4. Open and Well-Illuminated Spaces. Programs involving minors on campus should be held, when possible, in areas that are easy to access and monitor. Abuse typically occurs in locations that are more private and out of sight. Consequently, the greater the visibility in a particular area, the lower the risk of abuse.
  5. Reporting. Employees and volunteers should have a clear understanding of when and how to report suspected cases of abuse. Internally, institutions should identify contact persons responsible for receiving and responding to complaints of abuse. To encourage reporting from those otherwise reluctant to come forward, establishing an anonymous hotline is highly recommended. Of particular concern in the Penn State matter was the delay in reporting the abuse complaints to the governing board. There should be a protocol in place for providing prompt notice to governing boards, or an appropriate committee thereof, of both abuse complaints and the institution’s response plan. With regard to external reports, the institution should identify the person responsible for making mandatory reporting submissions to the appropriate family welfare or social services. There should be a process for the immediate notification of local law enforcement for situations of abuse in progress, and institutions must not forget to promptly notify the parents or guardians of the minors involved.
  6. Interim Safety Measures. Policies should provide interim safety measures to protect minors from further abuse. Such measures typically include the immediate removal of the minors from any potentially threatening situation, removal and suspension of the alleged perpetrator pending further investigation, and the opportunity for prompt medical or other professional care for the possible victims and their families.
  7. Prompt and Thorough Investigation. After implementing interim safety measures, institutions should conduct prompt and thorough investigations of abuse reports. Specific timelines are recommended. Delays are rarely acceptable when it comes to the safety of minors; however, if law enforcement is involved, care should be taken to coordinate so that the institution’s response does not interfere with the law enforcement investigation.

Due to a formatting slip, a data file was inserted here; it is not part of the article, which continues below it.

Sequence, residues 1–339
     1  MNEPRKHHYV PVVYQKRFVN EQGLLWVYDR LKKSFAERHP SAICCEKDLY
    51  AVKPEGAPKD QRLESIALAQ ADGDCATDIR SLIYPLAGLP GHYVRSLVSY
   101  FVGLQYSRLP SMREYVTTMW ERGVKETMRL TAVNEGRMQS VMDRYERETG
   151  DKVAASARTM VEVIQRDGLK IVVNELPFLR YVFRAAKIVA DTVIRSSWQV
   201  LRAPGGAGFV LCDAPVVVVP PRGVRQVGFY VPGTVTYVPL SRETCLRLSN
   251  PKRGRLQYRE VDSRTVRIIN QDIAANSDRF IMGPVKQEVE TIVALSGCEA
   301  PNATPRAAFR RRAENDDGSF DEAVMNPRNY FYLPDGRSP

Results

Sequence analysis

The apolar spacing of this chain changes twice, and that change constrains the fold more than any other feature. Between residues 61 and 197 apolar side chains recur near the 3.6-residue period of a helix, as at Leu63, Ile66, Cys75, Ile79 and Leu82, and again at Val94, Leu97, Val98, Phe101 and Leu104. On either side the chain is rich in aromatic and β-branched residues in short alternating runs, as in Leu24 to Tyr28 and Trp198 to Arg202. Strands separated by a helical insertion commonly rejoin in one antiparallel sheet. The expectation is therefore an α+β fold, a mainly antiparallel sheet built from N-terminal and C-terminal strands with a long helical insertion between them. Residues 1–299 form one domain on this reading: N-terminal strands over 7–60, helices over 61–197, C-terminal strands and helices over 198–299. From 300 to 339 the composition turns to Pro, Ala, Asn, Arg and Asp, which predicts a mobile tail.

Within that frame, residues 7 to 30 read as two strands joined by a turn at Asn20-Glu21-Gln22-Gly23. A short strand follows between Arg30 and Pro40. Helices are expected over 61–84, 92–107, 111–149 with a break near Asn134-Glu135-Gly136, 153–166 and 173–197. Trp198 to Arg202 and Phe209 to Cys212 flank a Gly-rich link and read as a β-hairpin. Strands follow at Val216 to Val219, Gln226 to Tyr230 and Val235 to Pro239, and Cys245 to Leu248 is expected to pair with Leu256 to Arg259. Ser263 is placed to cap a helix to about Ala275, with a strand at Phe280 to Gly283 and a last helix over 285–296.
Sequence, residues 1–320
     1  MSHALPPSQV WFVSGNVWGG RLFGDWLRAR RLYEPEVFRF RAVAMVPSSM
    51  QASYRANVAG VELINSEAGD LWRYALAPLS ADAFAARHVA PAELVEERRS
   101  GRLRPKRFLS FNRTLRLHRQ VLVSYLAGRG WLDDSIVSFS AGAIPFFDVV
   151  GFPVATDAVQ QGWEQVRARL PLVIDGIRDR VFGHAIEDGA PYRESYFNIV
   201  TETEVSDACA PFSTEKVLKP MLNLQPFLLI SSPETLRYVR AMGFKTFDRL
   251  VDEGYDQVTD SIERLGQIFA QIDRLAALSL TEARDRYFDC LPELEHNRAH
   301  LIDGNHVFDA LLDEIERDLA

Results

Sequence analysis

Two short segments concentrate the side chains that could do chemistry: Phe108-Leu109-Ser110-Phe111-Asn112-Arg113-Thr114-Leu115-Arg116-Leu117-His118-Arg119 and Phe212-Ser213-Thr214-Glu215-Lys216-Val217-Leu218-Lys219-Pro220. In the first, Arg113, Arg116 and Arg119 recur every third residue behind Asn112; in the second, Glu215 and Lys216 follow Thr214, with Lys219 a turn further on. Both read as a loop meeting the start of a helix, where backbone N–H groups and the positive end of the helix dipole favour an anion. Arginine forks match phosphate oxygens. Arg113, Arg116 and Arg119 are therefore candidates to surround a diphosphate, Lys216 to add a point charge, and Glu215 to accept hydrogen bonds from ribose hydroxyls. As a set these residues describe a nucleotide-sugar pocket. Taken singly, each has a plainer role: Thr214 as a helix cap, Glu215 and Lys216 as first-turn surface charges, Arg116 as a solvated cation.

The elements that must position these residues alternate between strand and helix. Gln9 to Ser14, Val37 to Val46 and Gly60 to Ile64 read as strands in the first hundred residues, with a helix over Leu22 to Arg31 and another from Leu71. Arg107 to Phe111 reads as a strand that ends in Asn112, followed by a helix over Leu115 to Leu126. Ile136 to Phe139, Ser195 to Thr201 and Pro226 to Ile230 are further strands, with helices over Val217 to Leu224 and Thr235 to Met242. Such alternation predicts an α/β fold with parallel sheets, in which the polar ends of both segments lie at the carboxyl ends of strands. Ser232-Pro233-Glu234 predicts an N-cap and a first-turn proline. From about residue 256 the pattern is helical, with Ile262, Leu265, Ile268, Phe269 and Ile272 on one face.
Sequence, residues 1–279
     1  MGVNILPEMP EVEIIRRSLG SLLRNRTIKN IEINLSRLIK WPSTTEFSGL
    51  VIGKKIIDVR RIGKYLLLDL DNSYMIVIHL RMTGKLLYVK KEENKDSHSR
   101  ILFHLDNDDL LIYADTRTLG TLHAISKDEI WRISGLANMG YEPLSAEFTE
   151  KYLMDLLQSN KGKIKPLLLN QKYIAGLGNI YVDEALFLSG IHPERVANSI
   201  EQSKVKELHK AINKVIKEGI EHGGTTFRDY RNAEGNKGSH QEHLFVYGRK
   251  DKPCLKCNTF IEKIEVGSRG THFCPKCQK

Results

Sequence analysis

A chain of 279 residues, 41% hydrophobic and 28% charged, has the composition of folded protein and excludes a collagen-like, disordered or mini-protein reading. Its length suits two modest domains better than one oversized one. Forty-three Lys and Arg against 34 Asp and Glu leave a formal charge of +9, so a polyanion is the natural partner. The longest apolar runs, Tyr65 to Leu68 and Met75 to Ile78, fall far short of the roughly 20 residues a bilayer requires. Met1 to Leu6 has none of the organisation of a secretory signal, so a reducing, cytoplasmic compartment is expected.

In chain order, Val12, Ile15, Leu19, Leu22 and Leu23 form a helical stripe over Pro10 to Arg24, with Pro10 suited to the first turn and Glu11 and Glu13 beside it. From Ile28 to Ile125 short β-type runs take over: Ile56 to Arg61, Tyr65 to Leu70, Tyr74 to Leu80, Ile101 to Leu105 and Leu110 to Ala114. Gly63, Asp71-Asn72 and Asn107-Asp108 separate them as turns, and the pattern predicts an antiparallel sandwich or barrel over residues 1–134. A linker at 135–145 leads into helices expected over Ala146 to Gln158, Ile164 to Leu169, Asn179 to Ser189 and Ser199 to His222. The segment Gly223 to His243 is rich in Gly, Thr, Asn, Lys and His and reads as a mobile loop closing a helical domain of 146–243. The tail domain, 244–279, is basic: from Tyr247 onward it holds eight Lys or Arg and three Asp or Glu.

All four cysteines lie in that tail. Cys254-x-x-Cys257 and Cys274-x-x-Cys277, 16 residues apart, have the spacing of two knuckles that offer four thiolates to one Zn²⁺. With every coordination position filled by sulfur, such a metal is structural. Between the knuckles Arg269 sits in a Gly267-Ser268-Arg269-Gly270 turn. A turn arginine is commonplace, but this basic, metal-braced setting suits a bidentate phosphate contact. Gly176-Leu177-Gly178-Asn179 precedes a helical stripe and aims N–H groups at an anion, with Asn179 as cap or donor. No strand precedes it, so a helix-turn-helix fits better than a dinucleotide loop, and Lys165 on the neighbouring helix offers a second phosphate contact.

8. Audits and Assessments. Periodic auditing of child abuse prevention measures is a necessity. Institutions should designate internal or ideally external auditors to review their child abuse prevention processes and how well they are followed in particular departments or divisions. Requiring students to complete anonymous surveys regarding treatment by employees and volunteers is often a very helpful way of assessing the effectiveness of a child abuse prevention program.
  9. Education and Training. For any child abuse prevention policy to be effective, the people implementing the policy must have adequate education and training. Employees and volunteers, especially those interacting with minors on a regular basis, should receive at least annual training on how to identify situations of abuse or neglect, how to report those situations, and what actions to take to prevent or minimize further harm.
  10. Involve Legal Counsel. Given the potential for criminal and civil liability, it is imperative that institutions involve in-house or outside legal counsel at the early stages of any abuse investigation. Prompt legal advice from experts in this area can greatly increase the effectiveness of the institutions response as well as lowering the risk of potential legal liability.

Unfortunately, there is no magic formula for preventing child abuse on campus or anywhere. Nevertheless, following these affirmative steps will help reduce the risk and improve the institution’s ability to respond promptly and effectively.

Ten-Point Checklist

  1. Conduct Background Checks
  2. Establish Written Guidelines and Uniform Enforcement
  3. Implement Two-Adults Rule
  4. Use Open and Well-Illuminated Spaces
  5. Report, Internally and Externally
  6. Apply Interim Safety Measures
  7. Conduct Prompt and Thorough Investigation
  8. Perform Audits and Assessments
  9. Provide Education and Training
  10. Involve Legal Counsel